3 Key Metrics – Find the $$ for Your Recruiting Strategy – Part 2

In the previous article (Part 1), I shared approaches to find value to support your recruiting strategy. We talked about both hard and soft values and I promised to share some more ways to calculate hard values for your talent strategy business case. In this post, “PART 2,” I am going to dig into three specific hard values and how to unpack them with supporting equations and examples.

Later in this series I’ll be sharing a value calculator that has these equations identified already embedded. For now, check out the worksheet at the bottom of this post. You can use this as a jumping off point to think about the values for your own projects and even to start plugging in any numbers you may already have.

Below are three example equations. Defining the equation will allow you to track your cost. From there you need to find the value you are targeting. These are the basic steps you will take to find value once you have an equation:

  1. Obtain current state cost
  2. Set a % improvement target
  3. Obtain future state cost –this is usually (Current State – (Current state cost x % improvement target)
  4. Calculate the Value = Current State Cost – Future State Cost

Hard Value 1: Time to Fill

Let’s start by stating the obvious; when it comes to finding the right resource, cutting corners to finding quality at the expense of time will never pay dividends. That said, if you can drive out wasted time in your process that will amount to value for the business. It’s also relatively easy to calculate. So time-to-fill can still be a very important part of a recruiting business case. For your particular business it may be something more along the lines of time-to-present or another variant. Whatever verbiage you choose, if it equates to reducing time in the cycle you can apply this equation.

Time to Fill Current State Cost Equation:  C = A x B x D

  • X = Cost
  • A = Average days to fill the position
  • B = # hires planned for the position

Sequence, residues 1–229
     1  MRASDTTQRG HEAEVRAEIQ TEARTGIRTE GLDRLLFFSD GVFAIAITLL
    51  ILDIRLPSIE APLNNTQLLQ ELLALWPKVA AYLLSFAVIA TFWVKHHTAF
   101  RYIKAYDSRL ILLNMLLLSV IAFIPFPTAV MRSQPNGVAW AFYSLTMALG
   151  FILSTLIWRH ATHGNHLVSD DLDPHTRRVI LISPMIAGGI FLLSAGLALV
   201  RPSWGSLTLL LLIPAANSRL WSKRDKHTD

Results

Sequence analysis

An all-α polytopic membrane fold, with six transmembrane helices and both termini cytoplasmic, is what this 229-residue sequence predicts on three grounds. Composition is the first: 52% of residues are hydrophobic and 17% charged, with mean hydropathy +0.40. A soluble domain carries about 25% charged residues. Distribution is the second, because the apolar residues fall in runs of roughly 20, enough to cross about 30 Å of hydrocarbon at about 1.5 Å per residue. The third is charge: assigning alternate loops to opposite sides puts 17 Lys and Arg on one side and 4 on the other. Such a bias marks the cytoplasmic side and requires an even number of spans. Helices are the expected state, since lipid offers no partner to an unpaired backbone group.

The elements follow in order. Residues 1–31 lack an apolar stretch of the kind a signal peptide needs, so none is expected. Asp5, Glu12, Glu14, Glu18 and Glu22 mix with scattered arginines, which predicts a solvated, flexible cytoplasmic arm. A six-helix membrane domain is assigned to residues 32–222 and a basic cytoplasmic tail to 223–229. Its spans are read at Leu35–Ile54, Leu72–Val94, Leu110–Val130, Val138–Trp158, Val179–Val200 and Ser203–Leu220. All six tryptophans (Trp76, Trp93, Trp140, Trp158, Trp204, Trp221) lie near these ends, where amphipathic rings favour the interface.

• C = Cost per day of not having productive employee in the job

The costs will vary per position. When looking to find the most value, look for the positions that have the highest volume and the easiest to compute cost-per-day per unfilled position. The more black and white you can make this, the easier it will be to get buy in from peers that the math behind the value is sound.

Example: Sales roles are often the easiest to calculate. Let’s say that you plan to hire 300 Business Development Representatives (BDR) this year that will fill the top of of your sales funnel pipeline. Every week they have a target of producing $100,000 in opportunity pipeline for the business that has a 10% close rate. This means a BDR’s daily produced value in this case would be $10,000 per week or $2,000/business day. Now, not every BDR is going to hit their target and we want a number that others will buy into so let’s cut way down to 25% of that and use $500/day. Let’s say it currently takes 45 days to fill a BDR role.

This gives us a current cost X ($6,000,000) = A (40 days) x B (300 hires) x C ($500)

Let’s set our target to reduce time to fill by 10% and bring this down to 36 days. This is what we are proposing the new solution will allow us to achieve.

This puts our future cost to X (5,400,000) = A (36 days) x B (300 hires) x C ($500)

The annual value for this group alone is $600,000 = Current State ($6,000,000) – Future State ($5,400,000)

You can repeat this for every employee population where it can be defensibly applied.

Hard Value 2: Time Reduction of Y

This equation can be used for a variety of values where reduction of time by some resource will be realized as a result of the solution. The first variable is “Y” and you will get to choose what this represents. Perhaps it’s support calls, scheduling interviews, or interviews themselves. It could also be training hours, resume screening time, or a number of other things. Here’s the equation:

Time reduction equation of Y, X = A/60 x (B x C)

  • Y = The time being measured to complete the task (eg: Interview time, support calls time, etc)
  • X = Current State Cost
  • A = Minutes required per X transaction
  • B = The number of current annual transactions
  • C = The hourly cost per resource doing the task of X